Wanted to shed some lite on the division.

    2020 has been a transition year of changes for Pro4’s.

    Last winter a competition committee was established to bring the field more even. The goal is to be one division in 2021. Allowing various 4 cylinder and v6 motors. We have been adjusting rules all season and have made great success in leveling the field. And we will continue to make adjustments. Another change is to make the Pro4s motor cost effective. Some competitors have had great success.

    We have a tire & rpm rule now To include Addition tech inspection that help level field. While car counts have been lower, many other divisions have also struggled with this. We are promoting some very cost effective motors to keep costs down with reliability. We expect to have 15-18 cars at Thompson. We have changed qualifying At Thompson to group time trial. This will give fans a prospective of how close and fast the field is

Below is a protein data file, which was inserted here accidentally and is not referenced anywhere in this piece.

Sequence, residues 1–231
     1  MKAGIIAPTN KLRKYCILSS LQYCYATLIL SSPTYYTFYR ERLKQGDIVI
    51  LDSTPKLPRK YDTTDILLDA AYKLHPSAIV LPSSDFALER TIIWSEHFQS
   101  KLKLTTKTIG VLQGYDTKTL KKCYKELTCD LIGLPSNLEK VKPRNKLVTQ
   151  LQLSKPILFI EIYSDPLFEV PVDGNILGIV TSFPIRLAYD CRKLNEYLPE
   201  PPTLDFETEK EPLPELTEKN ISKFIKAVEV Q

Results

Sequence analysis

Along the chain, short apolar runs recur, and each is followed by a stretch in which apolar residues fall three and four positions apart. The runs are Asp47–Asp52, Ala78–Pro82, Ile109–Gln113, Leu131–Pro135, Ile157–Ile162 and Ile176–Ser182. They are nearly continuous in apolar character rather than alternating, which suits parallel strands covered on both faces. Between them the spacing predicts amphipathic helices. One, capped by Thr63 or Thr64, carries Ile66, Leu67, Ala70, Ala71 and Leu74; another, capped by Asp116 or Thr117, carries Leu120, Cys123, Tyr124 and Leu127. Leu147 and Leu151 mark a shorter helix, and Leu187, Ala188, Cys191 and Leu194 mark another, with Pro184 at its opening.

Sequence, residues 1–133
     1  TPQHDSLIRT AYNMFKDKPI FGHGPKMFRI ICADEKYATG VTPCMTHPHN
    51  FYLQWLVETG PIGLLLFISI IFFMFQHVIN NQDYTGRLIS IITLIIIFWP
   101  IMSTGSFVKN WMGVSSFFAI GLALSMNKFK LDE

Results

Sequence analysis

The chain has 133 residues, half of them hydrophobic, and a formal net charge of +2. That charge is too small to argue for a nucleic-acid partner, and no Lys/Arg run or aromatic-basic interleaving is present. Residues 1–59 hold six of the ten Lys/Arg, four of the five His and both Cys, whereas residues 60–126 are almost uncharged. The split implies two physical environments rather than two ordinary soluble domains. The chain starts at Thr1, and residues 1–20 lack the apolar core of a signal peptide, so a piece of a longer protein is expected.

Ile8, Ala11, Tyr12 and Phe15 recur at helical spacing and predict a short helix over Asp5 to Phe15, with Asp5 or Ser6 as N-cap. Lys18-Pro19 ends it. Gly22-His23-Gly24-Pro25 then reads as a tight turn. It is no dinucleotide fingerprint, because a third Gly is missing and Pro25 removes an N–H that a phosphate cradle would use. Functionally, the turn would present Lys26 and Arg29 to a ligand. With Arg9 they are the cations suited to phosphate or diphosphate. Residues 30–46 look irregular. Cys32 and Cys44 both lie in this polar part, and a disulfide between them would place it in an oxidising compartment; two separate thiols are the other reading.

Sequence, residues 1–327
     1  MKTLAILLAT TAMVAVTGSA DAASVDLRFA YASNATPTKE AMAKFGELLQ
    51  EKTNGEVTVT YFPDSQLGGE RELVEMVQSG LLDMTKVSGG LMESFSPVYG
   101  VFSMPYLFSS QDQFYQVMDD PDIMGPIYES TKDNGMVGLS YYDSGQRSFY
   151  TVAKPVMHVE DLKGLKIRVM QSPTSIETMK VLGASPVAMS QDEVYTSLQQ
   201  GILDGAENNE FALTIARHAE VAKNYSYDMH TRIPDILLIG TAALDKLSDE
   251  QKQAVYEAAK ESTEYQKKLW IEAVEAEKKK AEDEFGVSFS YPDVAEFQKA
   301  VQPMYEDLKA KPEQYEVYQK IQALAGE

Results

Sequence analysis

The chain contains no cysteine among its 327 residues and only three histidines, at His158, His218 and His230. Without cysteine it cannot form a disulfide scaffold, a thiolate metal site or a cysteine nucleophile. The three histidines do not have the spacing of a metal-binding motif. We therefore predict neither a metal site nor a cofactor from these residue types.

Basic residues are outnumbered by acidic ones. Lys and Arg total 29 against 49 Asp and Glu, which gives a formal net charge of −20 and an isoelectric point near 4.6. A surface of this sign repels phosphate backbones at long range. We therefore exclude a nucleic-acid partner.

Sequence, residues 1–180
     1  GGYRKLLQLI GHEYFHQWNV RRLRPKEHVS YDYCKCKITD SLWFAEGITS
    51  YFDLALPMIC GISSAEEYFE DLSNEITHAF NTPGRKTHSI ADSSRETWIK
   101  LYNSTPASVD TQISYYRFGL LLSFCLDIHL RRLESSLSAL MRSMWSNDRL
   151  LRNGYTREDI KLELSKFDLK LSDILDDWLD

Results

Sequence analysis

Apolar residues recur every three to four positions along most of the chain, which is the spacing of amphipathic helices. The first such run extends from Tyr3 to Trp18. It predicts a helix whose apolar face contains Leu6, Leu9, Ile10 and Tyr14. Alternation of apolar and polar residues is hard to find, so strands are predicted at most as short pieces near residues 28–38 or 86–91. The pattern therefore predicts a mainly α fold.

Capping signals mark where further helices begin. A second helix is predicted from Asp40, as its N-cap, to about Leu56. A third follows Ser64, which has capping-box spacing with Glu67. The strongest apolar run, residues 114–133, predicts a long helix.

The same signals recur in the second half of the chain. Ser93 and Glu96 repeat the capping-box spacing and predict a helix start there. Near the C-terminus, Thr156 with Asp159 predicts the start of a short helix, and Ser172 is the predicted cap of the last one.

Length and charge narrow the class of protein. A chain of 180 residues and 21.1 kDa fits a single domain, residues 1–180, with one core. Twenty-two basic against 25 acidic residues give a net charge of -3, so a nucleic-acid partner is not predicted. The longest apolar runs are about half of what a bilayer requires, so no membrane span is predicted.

We are in process of planning our 2021 schedule.

    Anyone that has any questions please email me at [email protected]

  7. Allan Rieser says

    My name is Allan Rieser and have been racing these Pro4 modifieds since 2003 . They are one of the least expensive to race . I have and still do have a lot of fun at every event , if somthing goes wrong the other racing teams come over to help get you back on the track if possible . The changes being added to the Pro4 club is tightening up the racing field which makes great racing to see and experience as a driver.

  8. Fast Eddie says

    Mr. Thibault, thanks for the info on the Pro4’s. That kind of car count should certainly produce some good racing, especially on the smaller tracks.

  9. Good info. My question is what are the cost differences between the SK Light and the Pro 4?

  10. I can give you costs of pro4.

    Tires $130 each – two tire max per race.
    Fuel some use 110 @$11 and some use pump fuel based on their motors